Advisors have had to completely change how they engage with clients over the past two years because of the pandemic. Two-way video chats are the norm rather than an unusual option. Where does the disruption leave the challenge of sustaining trust in uncertain times?
Mike Alexander, president of wealth, Broadridge, talks about how
the role of wealth advisors is changing. His firm has a
particular angle: it delivers technology-driven solutions that
drive business transformation for banks, broker-dealers, asset
and wealth managers and public companies. Clearly, technology
plays a big role in wealth management today. The pandemic has
massively accelerated the take-up of certain tools and
communications channels, but there is far more to change than
The editors are pleased to share these insights with readers. The usual editorial disclaimers apply. Email email@example.com
Over the past 24 months, the wealth management industry
experienced radical shifts in the way firms and advisors
communicate with clients and nurture relationships. Today, wealth
managers are experiencing rapid changes in their financial
situations and goals, and an even faster transformation of the
products, channels and services they use.
The pace of change will continue to accelerate in 2022. To retain clients and grow business in the year ahead, firms and individual advisors will have to evolve their business models by addressing three key priorities:
1. Redefining, digitising and modernising the advisor-client relationship;
2. Raising the bar on client service and investment advice with a focus on personalisation; and
3. Embracing new investment products such as cryptocurrency and alternatives.
Redefining the advisor role
Today’s wealth management industry is much different from what existed at the start of 2020. COVID-19 lockdowns altered consumer behaviour, accelerating the adoption of virtual communication and e-commerce. The combination of more time at home, commission-free trades and stimulus funds fuelled an unprecedented influx of retail investors into the financial markets. These new, often young investors, use firms such as Robinhood and other online tools for DIY investing. They get their financial advice from Reddit and YouTube and are pouring assets into trendy cryptocurrencies and collecting NFTs – options which most financial advisors only offer on a limited basis.
How can financial advisors adjust to these changes to attract new clients and deepen existing relationships? The answer is surprisingly simple: Become a trusted advisor and provide highly personalised, data-driven advice.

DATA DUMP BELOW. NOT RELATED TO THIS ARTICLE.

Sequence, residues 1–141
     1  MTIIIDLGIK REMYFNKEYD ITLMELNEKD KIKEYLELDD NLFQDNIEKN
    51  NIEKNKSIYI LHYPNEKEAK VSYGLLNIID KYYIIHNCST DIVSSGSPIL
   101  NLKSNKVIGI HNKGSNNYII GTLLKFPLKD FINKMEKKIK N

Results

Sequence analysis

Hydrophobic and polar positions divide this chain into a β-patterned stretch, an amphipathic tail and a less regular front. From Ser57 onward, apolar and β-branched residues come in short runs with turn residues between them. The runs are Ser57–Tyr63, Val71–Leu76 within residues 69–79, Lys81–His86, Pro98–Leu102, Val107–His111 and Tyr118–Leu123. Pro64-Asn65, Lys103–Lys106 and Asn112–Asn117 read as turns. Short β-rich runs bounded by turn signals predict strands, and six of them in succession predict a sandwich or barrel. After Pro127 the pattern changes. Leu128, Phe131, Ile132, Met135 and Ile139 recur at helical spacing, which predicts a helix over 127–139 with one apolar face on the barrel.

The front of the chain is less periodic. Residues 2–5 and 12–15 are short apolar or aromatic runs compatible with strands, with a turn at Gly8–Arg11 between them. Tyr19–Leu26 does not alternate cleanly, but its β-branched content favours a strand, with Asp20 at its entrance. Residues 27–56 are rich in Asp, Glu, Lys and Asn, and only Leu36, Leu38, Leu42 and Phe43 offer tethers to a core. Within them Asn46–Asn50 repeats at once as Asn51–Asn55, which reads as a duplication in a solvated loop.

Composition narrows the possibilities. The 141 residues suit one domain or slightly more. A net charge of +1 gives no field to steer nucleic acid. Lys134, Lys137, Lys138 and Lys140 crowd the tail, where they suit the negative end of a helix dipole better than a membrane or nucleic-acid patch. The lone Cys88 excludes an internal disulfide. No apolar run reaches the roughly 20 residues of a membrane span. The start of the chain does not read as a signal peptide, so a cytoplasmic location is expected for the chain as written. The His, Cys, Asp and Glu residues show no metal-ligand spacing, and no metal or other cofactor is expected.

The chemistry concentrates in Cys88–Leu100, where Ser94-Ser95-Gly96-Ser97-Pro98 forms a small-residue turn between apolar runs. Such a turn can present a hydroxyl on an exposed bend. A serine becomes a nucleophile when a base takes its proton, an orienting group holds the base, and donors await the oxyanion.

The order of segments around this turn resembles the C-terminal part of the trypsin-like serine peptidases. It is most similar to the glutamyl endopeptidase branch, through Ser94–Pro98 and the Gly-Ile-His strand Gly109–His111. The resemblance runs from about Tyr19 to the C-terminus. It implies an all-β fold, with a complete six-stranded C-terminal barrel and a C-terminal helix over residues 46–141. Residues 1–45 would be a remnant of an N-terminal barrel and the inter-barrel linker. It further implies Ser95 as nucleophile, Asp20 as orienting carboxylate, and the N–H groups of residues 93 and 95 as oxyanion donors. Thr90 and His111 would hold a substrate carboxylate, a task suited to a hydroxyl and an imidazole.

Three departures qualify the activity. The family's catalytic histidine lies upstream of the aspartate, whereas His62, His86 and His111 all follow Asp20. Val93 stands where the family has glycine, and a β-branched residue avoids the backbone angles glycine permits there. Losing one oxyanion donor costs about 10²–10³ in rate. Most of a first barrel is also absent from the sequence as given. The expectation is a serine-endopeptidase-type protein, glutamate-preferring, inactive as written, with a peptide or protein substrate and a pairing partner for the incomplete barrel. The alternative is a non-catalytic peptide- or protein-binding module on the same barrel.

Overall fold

Advisors in 2022 must start positioning themselves as expert advisors and coaches who provide investors with advice not just on specific products or portfolios, but on how to achieve overall financial wellness.
This means evaluating the entire portfolio – including both assets managed by the advisor and self-directed investments in traditional and non-traditional assets – and making sure it is aligned with the investor’s needs, aspirations and values. Today, less than one-third of consumers have a financial advisor and an astounding 45 per cent do not have any retirement savings.
This creates scale challenges and necessitates AI-driven
technology to reduce friction with clients, personalise services
and improve investment outcomes. Embracing technology and
interacting with clients in their preferred manner, including new
conversational technology and video, will enable advisors to
connect with new investors and scale their business.
Studies have also shown that clients prefer to work with financial advisors who have backgrounds similar to their own. Bringing in talented professionals that reflect the country’s demographics will allow advisors to serve underserved communities better, helping all members achieve their financial goals and increase investor literacy.
Redefining the advisor role also means broadening the
advisor-investor relationship with the entire household or
family. By addressing the needs of everyone in the family and
including potential heirs in planning sessions, the advisor will
extend and strengthen the existing client relationship while
building new ones. He or she will also be in a much better
position to retain the business of younger investors who are
often disinclined to stay with their parents’ advisor. By
assuming the role of educator or mentor across all aspects of
financial wellness, such as budgeting, estate planning and
philanthropy, the advisor can form a partnership that spans
In many ways, this new advisor role will resemble a life coach: an expert who understands a client’s unique, personal situation and offers real insights about how to achieve financial goals.